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Dissecting SSL handshake

16 June 2012

Not everyone knows that the SSL handshake is not encrypted. When you think about it - there isn't other way, before the keys are exchanged the communication must be unencrypted. But I doubt many people think about it.

Not only the SSL handshake is plain-text, but also it contains rather interesting data. I decided to find out how much information can be retrieved from it.


Here's how the TLS handshake works:

      Client                                 Server
        |                                      |
        |  ----------- ClientHello --------->  |
        |                                      |
        |  <---------- ServerHello ----------  |
        |  <---------- Certificate ----------  |
        |                 ...                  |
        |  <-------- ServerHelloDone --------  |
        |                 ...                  |

Let's focus on the first message - ClientHello. It is actually pretty interesting. RFC defines the structure as:

struct {
    ProtocolVersion client_version;
    Random random;
    SessionID session_id;
    CipherSuite cipher_suites<2..2^16-1>;
    CompressionMethod compression_methods<1..2^8-1>;
    Extension extensions<0..2^16-1>;
} ClientHello;

Translated to English:

The SSL/TLS protocol version the client (like the browser) wishes to use during the session. Additionally there is a second version number field on the framing layer, called Record layer. And like all SSL data, ClientHello message is wrapped in the Record frame. The spec suggests the Record layer version field may be use to indicate the lowest supported SSL/TLS version, but this is rarely used in practice. Only older versions of Opera are using different values in Record and ClientHello layers.

This value is formed of 4 bytes representing time since epoch on client host and 28 random bytes. Exposing timer sources may allow clock skew measurements and those in theory may be used to identify hosts.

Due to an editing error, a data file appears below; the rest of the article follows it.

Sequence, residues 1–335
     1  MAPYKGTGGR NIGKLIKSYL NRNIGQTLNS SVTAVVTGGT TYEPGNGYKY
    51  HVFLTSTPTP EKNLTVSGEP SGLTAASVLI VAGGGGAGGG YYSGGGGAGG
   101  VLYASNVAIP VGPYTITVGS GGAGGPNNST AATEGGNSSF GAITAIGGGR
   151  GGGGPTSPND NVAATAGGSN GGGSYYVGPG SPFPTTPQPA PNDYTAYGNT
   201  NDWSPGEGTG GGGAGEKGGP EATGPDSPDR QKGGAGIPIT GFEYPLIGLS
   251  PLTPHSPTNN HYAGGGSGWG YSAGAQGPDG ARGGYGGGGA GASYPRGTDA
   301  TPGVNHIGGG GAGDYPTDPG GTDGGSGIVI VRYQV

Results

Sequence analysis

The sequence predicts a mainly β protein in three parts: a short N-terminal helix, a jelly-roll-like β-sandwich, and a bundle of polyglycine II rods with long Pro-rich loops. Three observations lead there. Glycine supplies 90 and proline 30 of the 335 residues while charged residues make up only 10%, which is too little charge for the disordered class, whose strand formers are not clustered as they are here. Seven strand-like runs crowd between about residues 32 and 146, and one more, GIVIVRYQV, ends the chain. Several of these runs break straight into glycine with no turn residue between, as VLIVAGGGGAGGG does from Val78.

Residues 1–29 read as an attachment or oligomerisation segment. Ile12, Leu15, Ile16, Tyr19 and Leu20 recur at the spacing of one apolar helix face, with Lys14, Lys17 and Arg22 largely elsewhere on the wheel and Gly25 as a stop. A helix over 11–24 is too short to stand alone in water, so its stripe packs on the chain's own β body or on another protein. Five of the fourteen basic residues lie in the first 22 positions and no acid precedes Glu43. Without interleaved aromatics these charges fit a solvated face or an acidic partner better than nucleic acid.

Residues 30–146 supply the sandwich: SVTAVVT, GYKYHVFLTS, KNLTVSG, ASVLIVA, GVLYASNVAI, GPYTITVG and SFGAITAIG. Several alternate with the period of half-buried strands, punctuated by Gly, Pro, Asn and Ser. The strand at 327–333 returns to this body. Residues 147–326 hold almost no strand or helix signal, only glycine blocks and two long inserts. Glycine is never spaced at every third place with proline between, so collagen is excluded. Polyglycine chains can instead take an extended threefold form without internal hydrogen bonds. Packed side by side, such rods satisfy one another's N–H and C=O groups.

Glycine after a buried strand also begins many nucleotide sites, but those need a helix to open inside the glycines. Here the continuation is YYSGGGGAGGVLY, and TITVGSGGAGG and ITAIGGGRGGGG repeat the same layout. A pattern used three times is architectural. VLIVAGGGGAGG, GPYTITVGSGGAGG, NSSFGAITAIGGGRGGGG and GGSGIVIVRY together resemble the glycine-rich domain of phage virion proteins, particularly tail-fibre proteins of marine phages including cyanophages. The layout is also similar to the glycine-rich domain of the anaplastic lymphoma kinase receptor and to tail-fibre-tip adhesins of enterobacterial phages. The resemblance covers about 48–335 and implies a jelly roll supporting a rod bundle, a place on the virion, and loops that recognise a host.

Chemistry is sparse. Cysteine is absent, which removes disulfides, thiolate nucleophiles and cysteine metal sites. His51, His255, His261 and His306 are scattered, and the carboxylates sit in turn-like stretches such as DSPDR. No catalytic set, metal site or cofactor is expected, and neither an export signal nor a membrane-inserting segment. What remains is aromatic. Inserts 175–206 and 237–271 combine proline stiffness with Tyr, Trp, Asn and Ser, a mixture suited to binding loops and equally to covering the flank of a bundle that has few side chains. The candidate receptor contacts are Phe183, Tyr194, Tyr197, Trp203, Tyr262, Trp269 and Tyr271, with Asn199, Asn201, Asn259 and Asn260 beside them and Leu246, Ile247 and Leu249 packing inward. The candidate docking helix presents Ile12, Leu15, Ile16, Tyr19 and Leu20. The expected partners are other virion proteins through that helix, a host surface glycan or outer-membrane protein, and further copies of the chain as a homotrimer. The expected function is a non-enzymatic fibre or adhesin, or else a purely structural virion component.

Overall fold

Your browser sends current time on the SSL layer.

Similarly, ServerHello sent by the server frame contains timestamp from the server.


Instead of going through full SSL handshake, the client may decide to reuse previously established session. The session cache is usually shared between normal and privacy modes of the browser.

Even in privacy mode, your browser may still be identifiable due to SSL session reuse.


The client shares the list of supported SSL ciphers with the server. The server will later pick up the best cipher it knows. Some of the ciphers are proven to be insecure and should be deprecated, some others are fairly recent. There isn't a global coherent list of good ciphers, and as a result every client can support different set of ciphers. Additionally the ordering of the ciphers is significant and therefore even if clients agreed on ciphers the ordering might be completely different.

By looking at the supported ciphers list it is often possible to tell what exact application had started the connection.


Some clients (for example Chrome) support Deflate compression. on SSL layer. This usually makes sense - compressing HTTP headers does save bandwidth.


TLS introduces a number of extensions. Most notably the server_name / Server Name Indication (SNI) extension is used to specify a remote host name. This allows the server to choose appropriate certificate based on the requested host name. With this extension one can host many SSL-enabled vhosts on a single IP address. Famously SNI doesn't work on any IE on Windows XP.

When using SSL, the remote domain name is transferred over the wire in plain text. Anyone able to sniff the traffic can know exactly what domains you're looking at, even when you're using HTTPS.

Similarly to the cipher list extensions and their order are application specific. For example: FireFox 11 bundled with TOR is distinguishable from standalone installation - it doesn't send SessionTicket TLS extension. Another example - Windows XP doesn't send Renegotiation Info extension without patch MS10-049 applied.

That's it, now you know what's hiding in the SSL ClientHello message. For completeness, a few words on historical protocols.

SSL 3.0

SSLv3 is identical to TLS as described, with one exception - in theory SSLv3 ClientHello packet doesn't have an extensions field. In theory SSLv3 doesn't do SNI.

In practice this is more complicated. TLS 1.0 also doesn't specify extensions field, but most clients do send them anyway.

SSL 2.0

SSL 2.0 was originally developed by Netscape. It's old, barely documented and insecure. However few applications still support it for compatibility with old servers. Some versions of wget and google crawler use the SSLv2 handshake. A CLIENT-HELLO message is defined as:


The fields are familiar - client_version, cipher_suites, session_id and challenge. It's worth noting that SSLv2 doesn't have extensions - there is no way to specify SNI .

On a final note, challenge-data length must be between 16 and 32 bytes long. In real world I've only seen 16 and 32.


Things to remember:

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